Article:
Have you pictured the scene? Why did the man keep knocking? The answer is given to us in verse 6. “I have nothing.” Persistence in prayer comes when we realise that we feel empty in our souls, we have nothing.


The situation Jesus paints is of a man who has a late visitor. This is in the Middle Eastern culture, where hospitality is huge, and he has nothing to offer his guest. So he says to himself, I know what I’ll do, I’ll ask my neighbour for some bread! So he rushes next door to his neighbour’s house and knocks. But his neighbour is tucked up comfortably in bed! They were all asleep! But the man is insistent! He keeps banging on the door, he will not give up and go away until his request is granted. He was persistent in his knocking. He didn't cave in and give up when he received a seemingly negative response. He didn't have any other plan, no alternative.
 

The widow and an unjust judge.

“And he told them a parable to the effect that they ought always to pray and not lose heart. He said, “In a certain city there was a judge who neither feared God nor respected man. And there was a widow in that city who kept coming to him and saying, ‘Give me justice against my adversary.’ For a while he refused, but afterward he said to himself, ‘Though I neither fear God nor respect man, yet because this widow keeps bothering me, I will give her justice, so that she will not beat me down by her continual coming.’” And the Lord said, “Hear what the unrighteous judge says. And will not God give justice to his elect, who cry to him day and night? Will he delay long over them? tell you, he will give justice to them speedily.  Nevertheless, when the Son of Man comes, will he find faith on earth?” Luke 18:1-7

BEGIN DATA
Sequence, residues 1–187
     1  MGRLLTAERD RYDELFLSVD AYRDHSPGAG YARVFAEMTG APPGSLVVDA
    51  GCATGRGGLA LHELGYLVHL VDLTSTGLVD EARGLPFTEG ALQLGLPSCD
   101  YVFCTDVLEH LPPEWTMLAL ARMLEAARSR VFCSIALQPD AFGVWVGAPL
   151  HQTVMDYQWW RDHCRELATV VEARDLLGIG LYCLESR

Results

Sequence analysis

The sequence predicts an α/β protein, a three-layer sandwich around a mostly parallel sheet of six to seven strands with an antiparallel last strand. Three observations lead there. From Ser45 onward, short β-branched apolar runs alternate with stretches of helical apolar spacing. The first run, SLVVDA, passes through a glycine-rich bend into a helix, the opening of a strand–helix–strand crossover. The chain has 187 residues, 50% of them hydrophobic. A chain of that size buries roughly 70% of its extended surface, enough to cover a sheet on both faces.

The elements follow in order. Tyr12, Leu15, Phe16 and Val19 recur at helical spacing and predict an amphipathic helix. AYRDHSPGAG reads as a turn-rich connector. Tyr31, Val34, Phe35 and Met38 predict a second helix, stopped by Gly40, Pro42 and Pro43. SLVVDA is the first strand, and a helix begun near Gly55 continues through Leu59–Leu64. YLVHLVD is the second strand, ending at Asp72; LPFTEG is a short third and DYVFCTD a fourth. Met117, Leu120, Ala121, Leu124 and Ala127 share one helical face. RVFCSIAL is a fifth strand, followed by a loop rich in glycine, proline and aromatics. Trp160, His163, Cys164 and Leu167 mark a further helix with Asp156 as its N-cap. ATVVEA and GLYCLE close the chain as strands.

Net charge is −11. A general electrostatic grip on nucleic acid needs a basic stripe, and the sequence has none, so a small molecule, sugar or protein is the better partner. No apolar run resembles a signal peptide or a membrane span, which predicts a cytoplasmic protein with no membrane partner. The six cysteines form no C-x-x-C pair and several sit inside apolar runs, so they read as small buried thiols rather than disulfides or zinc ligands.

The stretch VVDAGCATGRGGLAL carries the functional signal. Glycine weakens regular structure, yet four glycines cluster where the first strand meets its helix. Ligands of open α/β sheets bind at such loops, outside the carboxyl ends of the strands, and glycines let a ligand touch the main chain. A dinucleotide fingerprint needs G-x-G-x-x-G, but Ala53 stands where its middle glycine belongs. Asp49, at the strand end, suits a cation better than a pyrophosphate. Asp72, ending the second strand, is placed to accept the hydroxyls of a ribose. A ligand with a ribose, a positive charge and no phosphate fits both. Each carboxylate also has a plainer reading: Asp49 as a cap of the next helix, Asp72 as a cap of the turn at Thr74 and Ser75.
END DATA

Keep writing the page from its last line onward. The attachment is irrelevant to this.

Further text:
Please notice the opening verse, Jesus gave this illustration so we do not lose heart! What an encouragement this is! We should mimic the widow's persistence! However, we must learn that sometimes that our hearts do not understand His will or His timing. And at times we must be willing to wait for God's yes to be revealed at a later time. But that should not stop us praying!  


So take your requests and petitions to the throne of grace! Do so often, be persistent! From my own personal experience of such burdensome prayer laid on hearts, God may kindly give you proofs that not only that He has heard your prayer (1 Kings 9:3, 2 Chron 7:12, Isaiah 38:12, Luke 1:13, Acts 10:31), but that He will also provide an answer.


In our praying, when we are empty, destitute, our hearts are burdened. It is only then and only then are we persistent in prayer. Yet so often we pray and our attitude deep down within our heart is, well, if God doesn’t answer this prayer, somehow we’ll get through.  And we give in.